Matt: I love that where you can sort of take an event and sort of create a little more intimacy from that audience as well. Especially if you’re gathering people together, there’s likely a lot of commonality in terms of their role, their place, their position in the company and letting them get to know each a little better reflects well on you in that process as well. Joining us today on Sales Pipeline Radio, again, we’ve got Kelly Webb and Dana Lombardo from Keyfactor talking a little bit about executive event experiences as part of an ABX program. Kelly, let’s take a step back and say, we’ve got these great events, you create this great experience, but the event itself is just one part of a campaign, right? Can you help put that in context and help people understand how to do great events like this, but also what goes into making the overall campaign successful?

Kelly: You kind of nailed it on the head. It’s not just the Thursday night cooking event. It’s leading up to the experience of registration all the way to them opening the wine or cheese at their front door from a direct mail perspective. Then, it’s the experience of actually being at the event and then understanding where they’re at in pipeline, if any, what does the sales SDR feel… Who does the pipeline progression? It really is critical that we understand it’s not just, Dana does an amazing event and we upload these leads into Salesforce and they get an outreach or a sales locked cadence.

That would be 101 you’re wrong. We can’t do that. We just have to make sure that the message is genuine, it’s curated when following up, it’s coming from the right person. Dana mentions that we have someone from the C-suite typically in the room or present so having more of an executive touch of as well. But again, coming from more of following up on, “Hey, how was that dinner?” Or, “Hey, I remember seeing your son, did he end up liking those cookies?” Being more authentic is really something that we’re seeing drive or at least have more engagement following our events or Dana’s event that’s running.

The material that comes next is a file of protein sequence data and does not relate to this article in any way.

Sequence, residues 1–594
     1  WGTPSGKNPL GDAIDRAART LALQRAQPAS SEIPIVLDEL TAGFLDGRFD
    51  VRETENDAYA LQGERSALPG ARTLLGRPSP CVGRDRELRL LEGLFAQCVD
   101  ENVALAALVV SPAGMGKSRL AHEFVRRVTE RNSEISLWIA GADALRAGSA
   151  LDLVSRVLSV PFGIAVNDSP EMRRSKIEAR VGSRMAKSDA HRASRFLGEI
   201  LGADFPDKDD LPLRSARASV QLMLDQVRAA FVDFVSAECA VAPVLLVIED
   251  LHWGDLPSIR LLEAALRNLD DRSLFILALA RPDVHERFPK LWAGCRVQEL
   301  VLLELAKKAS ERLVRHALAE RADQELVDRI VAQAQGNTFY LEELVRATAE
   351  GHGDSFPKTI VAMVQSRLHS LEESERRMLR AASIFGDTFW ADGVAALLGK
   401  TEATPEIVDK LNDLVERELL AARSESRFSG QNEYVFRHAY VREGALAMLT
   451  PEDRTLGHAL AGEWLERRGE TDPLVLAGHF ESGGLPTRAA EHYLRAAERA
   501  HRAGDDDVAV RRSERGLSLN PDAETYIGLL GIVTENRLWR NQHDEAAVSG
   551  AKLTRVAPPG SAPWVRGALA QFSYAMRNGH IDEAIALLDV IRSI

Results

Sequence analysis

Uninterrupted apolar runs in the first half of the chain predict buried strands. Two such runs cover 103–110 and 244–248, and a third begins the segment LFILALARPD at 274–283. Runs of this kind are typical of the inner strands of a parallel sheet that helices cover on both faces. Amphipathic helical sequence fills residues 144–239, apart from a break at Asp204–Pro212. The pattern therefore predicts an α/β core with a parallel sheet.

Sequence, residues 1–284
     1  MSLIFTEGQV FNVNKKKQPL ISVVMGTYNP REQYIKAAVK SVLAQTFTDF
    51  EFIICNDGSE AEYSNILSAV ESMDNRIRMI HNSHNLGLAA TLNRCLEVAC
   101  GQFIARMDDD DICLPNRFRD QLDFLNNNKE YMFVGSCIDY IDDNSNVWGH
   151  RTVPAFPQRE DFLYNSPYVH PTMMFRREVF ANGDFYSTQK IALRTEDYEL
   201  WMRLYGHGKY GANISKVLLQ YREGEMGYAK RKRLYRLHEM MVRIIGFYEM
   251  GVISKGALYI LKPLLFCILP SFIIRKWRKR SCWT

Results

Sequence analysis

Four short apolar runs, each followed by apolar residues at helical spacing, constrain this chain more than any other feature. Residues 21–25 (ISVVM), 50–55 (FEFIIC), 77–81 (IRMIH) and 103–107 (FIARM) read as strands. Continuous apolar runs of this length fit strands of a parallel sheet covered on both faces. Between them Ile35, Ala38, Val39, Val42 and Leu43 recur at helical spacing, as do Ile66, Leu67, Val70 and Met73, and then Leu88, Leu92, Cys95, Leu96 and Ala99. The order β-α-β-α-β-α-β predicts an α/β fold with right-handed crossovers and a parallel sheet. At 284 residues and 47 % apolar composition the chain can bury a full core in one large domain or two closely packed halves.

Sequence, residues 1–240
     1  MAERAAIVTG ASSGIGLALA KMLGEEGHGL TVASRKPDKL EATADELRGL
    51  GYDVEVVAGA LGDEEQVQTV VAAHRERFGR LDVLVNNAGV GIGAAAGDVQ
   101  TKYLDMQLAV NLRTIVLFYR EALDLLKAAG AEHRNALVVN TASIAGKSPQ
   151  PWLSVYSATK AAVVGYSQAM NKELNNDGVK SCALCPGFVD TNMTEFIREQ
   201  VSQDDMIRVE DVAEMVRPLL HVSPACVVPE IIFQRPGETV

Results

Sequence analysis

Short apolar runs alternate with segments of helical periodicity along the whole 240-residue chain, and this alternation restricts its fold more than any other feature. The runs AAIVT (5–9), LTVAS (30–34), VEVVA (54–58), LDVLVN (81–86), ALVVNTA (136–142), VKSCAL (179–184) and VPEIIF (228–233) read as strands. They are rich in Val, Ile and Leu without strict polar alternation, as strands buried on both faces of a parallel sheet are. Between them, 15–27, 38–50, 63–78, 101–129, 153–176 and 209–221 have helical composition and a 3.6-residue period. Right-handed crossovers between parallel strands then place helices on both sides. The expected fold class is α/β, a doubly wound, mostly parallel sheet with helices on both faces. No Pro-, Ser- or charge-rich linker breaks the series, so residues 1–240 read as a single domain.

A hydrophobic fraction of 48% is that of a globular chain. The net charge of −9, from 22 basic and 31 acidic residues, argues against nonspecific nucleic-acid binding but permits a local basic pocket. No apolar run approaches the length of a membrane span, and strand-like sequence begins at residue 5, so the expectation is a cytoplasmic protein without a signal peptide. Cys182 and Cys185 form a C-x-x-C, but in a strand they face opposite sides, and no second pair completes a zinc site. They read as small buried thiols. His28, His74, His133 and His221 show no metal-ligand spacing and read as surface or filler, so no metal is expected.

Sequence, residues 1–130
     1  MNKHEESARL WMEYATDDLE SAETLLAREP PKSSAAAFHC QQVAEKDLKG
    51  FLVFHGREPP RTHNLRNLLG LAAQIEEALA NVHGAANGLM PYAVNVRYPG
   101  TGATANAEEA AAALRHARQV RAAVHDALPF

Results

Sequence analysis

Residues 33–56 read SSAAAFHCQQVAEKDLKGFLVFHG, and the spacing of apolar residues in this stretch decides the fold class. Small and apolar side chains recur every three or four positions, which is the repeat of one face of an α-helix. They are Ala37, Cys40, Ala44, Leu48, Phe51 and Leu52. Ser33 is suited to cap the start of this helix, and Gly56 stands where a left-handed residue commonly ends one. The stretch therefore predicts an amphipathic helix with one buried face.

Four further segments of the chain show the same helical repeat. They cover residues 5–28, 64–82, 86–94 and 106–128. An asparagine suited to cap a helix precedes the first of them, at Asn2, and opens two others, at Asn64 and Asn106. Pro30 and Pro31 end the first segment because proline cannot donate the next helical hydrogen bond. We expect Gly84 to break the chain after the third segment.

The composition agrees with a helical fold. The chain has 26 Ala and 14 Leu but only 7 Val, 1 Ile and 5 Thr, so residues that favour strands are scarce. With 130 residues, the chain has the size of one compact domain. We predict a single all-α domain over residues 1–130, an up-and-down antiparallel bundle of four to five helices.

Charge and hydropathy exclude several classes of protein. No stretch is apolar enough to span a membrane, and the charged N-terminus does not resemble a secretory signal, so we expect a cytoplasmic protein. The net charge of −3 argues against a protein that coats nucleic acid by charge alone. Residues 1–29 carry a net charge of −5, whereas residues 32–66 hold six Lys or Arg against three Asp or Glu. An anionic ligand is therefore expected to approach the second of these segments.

Matt: We’re talking a little bit about taking the event and putting in context a campaign. So putting the event somewhere along a horizontal, sort of chronological line of sort of different components of a campaign. Let’s talk about that executive experience and its impact vertically. You’ve got an executive who may be a senior decision maker, but they are a member of the buying committee.How did these events fit into the consensus building you’re trying to create within your target accounts for other people that are going to influence the decision maker, but may not be part of that specific event?

Kelly: I think it’s just really. At first we have to identify from an intent perspective who is the account in itself, right? And then once we understand that buying committee, from a campaign perspective, we have different touch-points and offerings per persona. At the end of the day, when Dana does these type of experiences, it’s always, like you mentioned, going to be a VP or higher. We just have to make sure at the end of the day, when someone that’s reporting to the C-suite mentions Keyfactor or brings Keyfactor into the mix, they’re very well aware of who Keyfactor is against our major competitor or Venafi or AppViewX or what have you. I would say it’s more late stage, right? It’s more someone that we’ve already know, that we’ve seen engagement with.

We know that there’s potentially a budget, there’s a need. Maybe we don’t have the full buy-in yet. There’s still some folks that we still need to educate and make aware of who Keyfactor is. From a C-suite perspective, could be more of a brand awareness to some degree. We have different types of account based categories at Keyfactor so they mean different things to our sales team. From a brand awareness perspective, it might more of the big whales of our territories, right? We just want to make sure we’re always top of mind but for the folks that are in market, these are more deal accelerations and making sure that we have the ability to influence everyone in that buying committee.